a significant disruption in the workplace. There is lost

production, increased costs, and problems getting new

jobs. Moreover, in more and more cases, the courts are

sending company owners and officers to jail because of

workers’ deaths.

There is significant emotional stress for workers

following a serious injury or death of a co-worker.

Sometimes workers have difficulty returning to the job

after such an incident.

Finally, as individuals, we may feel a sense of guilt

if we were responsible for that employee or could have

16 ACTS First Quarter


done something to prevent the incident.

That guilt may become a life-long

burden.

If we are the person seriously

injured or killed, we may have difficulty

providing, financially, for our family.

A serious injury might result in a

significant disability that changes our

life, or we may no longer be present to

serve as a spouse, parent of a child, or

grandparent

We work in a great industry. On a

daily basis, we build and maintain things

that affect thousands of people. We may

A few examples include:

• Are we going to wear our

hard hat, safety glasses,

safety vest, and the correct

shoes

• Are we going to check the

air quality before entering a

utility vault

• Are we going to properly

shore a trench

There are thousands (literally!)

of other examples. A serious injury or

death will result in significant losses for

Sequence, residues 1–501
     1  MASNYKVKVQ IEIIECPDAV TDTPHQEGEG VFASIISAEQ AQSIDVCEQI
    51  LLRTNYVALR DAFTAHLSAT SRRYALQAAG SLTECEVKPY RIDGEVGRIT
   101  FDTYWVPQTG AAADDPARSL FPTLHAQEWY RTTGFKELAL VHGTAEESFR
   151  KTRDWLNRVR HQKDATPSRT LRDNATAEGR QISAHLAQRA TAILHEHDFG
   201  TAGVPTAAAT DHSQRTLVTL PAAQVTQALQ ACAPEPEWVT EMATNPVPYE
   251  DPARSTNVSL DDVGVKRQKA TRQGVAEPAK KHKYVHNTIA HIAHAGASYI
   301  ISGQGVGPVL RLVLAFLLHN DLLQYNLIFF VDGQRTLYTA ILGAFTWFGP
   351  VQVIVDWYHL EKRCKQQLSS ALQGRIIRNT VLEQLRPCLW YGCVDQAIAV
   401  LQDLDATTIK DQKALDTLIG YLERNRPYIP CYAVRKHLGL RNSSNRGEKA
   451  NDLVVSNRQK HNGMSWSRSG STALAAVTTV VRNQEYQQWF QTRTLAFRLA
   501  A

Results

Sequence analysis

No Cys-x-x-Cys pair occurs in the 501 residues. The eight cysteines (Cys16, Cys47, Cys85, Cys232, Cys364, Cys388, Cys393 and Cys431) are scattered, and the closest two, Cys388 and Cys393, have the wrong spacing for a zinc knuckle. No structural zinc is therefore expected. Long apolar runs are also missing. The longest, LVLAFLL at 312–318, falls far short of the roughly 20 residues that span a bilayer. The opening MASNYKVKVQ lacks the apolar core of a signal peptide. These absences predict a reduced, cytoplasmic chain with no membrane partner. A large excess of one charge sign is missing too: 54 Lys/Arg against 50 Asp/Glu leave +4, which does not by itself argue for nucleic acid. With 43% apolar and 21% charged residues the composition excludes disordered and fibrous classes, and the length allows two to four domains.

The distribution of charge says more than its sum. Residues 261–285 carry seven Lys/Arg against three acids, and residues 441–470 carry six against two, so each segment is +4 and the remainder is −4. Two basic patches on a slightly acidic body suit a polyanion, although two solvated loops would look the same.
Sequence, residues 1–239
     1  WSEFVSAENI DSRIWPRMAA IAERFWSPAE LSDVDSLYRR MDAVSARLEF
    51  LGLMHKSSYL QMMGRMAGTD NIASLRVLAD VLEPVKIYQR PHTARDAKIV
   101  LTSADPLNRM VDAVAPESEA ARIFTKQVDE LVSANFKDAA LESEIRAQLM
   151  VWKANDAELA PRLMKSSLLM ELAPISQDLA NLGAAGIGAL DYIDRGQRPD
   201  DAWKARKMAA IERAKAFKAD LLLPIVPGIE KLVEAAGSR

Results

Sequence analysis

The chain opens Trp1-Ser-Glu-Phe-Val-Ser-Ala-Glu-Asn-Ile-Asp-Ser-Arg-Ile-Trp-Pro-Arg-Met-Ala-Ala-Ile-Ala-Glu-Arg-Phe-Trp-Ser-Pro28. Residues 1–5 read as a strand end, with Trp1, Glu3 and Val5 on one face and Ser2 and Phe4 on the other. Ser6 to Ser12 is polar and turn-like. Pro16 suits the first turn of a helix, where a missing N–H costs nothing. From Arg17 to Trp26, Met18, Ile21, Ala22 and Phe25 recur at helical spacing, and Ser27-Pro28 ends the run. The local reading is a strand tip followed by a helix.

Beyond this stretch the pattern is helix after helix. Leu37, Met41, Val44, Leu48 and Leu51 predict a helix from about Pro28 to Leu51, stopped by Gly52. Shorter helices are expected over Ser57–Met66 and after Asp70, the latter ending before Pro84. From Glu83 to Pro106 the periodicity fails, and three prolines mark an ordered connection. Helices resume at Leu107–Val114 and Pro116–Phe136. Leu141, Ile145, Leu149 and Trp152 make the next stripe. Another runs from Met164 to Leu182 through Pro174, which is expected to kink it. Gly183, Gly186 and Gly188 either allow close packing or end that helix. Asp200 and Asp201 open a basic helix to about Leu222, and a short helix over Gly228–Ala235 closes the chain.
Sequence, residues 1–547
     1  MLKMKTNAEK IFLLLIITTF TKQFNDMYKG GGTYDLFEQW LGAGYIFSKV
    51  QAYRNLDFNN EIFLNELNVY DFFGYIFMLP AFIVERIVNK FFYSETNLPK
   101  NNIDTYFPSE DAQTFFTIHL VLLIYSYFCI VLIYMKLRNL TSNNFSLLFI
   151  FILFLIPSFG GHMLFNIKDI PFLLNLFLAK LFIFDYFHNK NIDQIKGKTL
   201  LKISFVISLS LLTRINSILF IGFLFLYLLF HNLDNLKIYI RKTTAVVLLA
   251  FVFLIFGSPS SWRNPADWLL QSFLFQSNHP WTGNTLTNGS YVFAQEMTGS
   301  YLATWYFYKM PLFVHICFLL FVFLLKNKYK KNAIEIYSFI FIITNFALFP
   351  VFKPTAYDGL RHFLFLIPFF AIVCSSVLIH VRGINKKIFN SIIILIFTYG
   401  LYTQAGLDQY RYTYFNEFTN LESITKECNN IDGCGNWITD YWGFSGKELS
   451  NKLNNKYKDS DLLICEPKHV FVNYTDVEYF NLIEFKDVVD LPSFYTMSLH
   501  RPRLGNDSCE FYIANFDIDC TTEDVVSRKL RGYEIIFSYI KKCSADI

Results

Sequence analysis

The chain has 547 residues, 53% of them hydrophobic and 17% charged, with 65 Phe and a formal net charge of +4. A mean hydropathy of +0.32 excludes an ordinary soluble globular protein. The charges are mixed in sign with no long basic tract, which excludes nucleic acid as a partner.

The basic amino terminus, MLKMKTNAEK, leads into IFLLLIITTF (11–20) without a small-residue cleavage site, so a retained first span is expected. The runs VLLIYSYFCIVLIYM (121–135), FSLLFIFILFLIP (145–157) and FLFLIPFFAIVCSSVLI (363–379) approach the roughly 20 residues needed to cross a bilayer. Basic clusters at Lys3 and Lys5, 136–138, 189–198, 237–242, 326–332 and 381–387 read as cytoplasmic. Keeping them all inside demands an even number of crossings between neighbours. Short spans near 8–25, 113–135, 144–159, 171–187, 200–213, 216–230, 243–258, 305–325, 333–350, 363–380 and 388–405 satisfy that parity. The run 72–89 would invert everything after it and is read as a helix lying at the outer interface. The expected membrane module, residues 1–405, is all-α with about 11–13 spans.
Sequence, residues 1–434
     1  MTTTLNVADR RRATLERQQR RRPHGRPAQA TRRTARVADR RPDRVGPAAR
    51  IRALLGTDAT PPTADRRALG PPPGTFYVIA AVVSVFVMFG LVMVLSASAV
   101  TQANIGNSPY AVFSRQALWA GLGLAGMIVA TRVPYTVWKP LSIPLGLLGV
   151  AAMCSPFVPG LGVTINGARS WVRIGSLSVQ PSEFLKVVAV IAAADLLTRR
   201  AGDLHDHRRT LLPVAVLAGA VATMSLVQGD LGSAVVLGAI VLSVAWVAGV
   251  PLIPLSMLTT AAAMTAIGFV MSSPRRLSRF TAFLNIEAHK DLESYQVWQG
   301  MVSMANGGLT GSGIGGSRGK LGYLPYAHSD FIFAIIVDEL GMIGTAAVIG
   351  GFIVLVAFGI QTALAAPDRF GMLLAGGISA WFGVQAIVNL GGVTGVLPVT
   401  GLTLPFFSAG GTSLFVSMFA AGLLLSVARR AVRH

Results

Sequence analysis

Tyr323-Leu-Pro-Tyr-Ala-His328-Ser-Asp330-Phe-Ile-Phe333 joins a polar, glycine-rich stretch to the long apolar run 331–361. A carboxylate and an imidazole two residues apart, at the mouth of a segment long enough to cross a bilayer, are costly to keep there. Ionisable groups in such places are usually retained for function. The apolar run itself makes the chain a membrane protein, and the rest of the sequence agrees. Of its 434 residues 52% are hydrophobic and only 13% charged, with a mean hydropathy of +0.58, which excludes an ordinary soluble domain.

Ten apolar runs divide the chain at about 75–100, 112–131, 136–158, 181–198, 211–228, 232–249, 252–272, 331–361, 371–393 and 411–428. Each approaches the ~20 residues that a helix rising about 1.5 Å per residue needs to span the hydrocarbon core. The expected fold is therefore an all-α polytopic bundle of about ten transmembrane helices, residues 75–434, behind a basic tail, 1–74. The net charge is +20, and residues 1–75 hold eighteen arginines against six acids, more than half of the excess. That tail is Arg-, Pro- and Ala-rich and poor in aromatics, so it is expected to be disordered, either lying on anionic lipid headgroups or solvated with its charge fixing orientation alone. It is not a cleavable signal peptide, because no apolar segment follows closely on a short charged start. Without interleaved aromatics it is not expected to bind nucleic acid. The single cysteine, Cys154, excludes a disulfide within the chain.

our utility or construction company. But

Certification

Corner

Test your knowledge of Mississippi’s

damage prevention law.

1. The underground utility marks

shall be valid for a period of:

A. 10 days

B. Until markings are no longer visible

C. Two weeks

D. 10 working days

2. Each person responsible for

excavation that results in damage

to an underground facility shall

immediately notify:

A. Mississippi One-Call

B. The operator of the damaged facility

C. Both

D. None of the above

3. The new law requiring all owner/

operators of underground

facilities to become members of

Mississippi One-Call goes into

effect:

A. January 1, 2009

B. It’s already in effect

C. July 1, 2008

D. On my birthday

This is not a “smart decision.” The utility worker is working in an

unshored trench. Even though the trench is relatively shallow, protection is

still required. The bulk of the serious injuries and fatalities from cave-ins

occur in shallow trenches. In addition, loose material is around the perimeter

of the trench.

4. When an excavator, upon arriving

at an excavation site, sees evidence

of an unmarked underground

utility line, who must he

immediately contact

A. Mississippi One-Call

B. The operator of the unmarked faciltiy

C. Both

D. The locating company

be constructing things that will be in

use in fifty or a hundred years. Many of

us choose this industry because of the

opportunity to work outdoors. We may

like working around heavy machinery.

Some of us choose this industry because

of varied working conditions. Everyday

is a little bit different. The pay is good,

as well.

In the final analysis, each of

us has the opportunity to make daily

decisions that are “smart” or “not

smart.”

the biggest cost of a serious injury or

death will be to our family, friends, coworkers,

and us.

Make “smart” decisions. It is

well worth the effort.

David V. Dow is a co-founder

and Vice-President of TrenchSafety

and Supply, Inc., in Memphis. You

can learn more about his company at

www.trenchsafety.com.

5. All operators thus notified must

contact the excavator to inform

the excavator of any of their

known underground facilities

within what time frame

A. Two working days

B. ASAP

C. 4 hours

D. Next working day

E.

F.

“Experience teaches slowly, and at the cost of mistakes.” Fames A. Froude

Answers: 1.D, 2. C, 3. C, 4. A, 5. C

ACTS First Quarter

17